The WRWC has a series of paddling maps and guides to locations to explore throughout the watershed. They can be downloaded as individual PDFs or a complete guide.
This guide cannot teach you safe paddling. Learn before you go!
See more safety tips below.
More about the “Do’s & Don’ts of the Woonasquatucket River”
Some of the paddles can be strung together to create a longer trip but at this time it is difficult to make a complete source to sea trip. In the area of Centerdale, in North Providence, there is an active Superfund site that impacts both Allendale Mill Pond and Lymans Mill Pond. The EPA has deemed that these ponds are safe to paddle on as long as reasonable precautions are taken such as washing your hands after coming in contact with the water and cleaning any mud off your shoes and gear. However, since not many people have paddled in this area recently due to the Superfund site, the portages around the four dams between Greystone and the Manton/Greenville Avenue bridge are not well established. There are also no public access points on these ponds. The Woonasquatucket River Watershed Council is working to have this area cleaned up and is also looking into ways to make this part of the river more accessible.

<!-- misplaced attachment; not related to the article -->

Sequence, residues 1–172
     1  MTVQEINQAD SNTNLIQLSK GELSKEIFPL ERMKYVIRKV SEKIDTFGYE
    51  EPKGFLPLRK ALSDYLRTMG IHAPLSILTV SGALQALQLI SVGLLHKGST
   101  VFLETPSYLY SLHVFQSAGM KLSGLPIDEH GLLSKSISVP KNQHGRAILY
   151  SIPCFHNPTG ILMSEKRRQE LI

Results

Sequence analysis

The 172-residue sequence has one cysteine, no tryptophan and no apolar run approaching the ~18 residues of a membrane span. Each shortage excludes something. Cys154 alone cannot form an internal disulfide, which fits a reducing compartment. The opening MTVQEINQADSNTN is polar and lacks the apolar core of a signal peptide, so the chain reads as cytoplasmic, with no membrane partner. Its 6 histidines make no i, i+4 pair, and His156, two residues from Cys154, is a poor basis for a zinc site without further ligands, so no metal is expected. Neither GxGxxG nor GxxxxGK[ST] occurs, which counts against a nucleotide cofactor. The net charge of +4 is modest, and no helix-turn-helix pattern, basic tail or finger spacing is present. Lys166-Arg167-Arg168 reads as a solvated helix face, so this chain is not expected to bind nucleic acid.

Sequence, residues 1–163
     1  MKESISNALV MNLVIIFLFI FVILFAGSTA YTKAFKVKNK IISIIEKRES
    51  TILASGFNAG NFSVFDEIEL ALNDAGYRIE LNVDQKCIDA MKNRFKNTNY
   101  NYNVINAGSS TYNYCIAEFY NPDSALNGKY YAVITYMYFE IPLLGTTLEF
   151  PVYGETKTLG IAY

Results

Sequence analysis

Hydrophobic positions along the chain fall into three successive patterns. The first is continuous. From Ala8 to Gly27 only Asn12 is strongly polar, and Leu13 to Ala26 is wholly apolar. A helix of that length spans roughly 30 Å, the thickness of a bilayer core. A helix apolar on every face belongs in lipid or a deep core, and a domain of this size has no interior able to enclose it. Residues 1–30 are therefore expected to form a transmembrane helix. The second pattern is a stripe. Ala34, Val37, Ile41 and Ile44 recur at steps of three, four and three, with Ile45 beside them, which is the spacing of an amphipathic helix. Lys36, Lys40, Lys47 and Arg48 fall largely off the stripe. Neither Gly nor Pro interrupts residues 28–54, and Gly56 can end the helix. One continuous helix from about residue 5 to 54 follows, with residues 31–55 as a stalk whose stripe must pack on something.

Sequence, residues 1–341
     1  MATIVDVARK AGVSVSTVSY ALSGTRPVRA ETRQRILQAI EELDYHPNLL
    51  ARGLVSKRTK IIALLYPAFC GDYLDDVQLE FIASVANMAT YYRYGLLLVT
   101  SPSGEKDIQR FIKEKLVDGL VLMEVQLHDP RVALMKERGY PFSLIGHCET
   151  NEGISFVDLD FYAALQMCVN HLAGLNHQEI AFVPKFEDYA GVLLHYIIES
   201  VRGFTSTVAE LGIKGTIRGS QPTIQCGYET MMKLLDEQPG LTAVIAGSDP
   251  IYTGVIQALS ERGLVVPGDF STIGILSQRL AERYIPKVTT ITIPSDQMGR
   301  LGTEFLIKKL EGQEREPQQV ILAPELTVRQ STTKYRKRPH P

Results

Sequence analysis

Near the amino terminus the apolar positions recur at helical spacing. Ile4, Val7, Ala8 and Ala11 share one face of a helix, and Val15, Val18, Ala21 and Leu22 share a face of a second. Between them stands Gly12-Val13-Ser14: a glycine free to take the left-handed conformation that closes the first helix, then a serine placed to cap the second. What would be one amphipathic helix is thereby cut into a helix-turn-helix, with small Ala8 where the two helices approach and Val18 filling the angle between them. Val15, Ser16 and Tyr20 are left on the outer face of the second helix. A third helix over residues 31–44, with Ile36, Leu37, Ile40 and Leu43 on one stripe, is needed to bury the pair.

Below this area the river is open to paddling but there can still be water quality issues. During and after heavy rains human pathogen levels (e.g., bacteria) in the river will be very elevated due to overflows from the sewer system, and it can take a few days for this to dissipate. The new sewage tunnel under Providence has reduced but not eliminated this problem. Sewer overflows in dry weather are rarer but can happen due to problems in the sewer system. The river bottom and riverbank sediments in the lower river also have many chemical contaminants in them. Fishing (other than catch and release) anywhere on the river south of Centerdale is not recommended due to the contamination in the river and the sediments.
If you are unsure of your paddling skills consider an easier trip, consider taking paddling classes, or come on one of the Woonasquatucket River Watershed Council’s organized Paddle Tours, which are open to all skill levels, from complete beginners to experienced paddlers.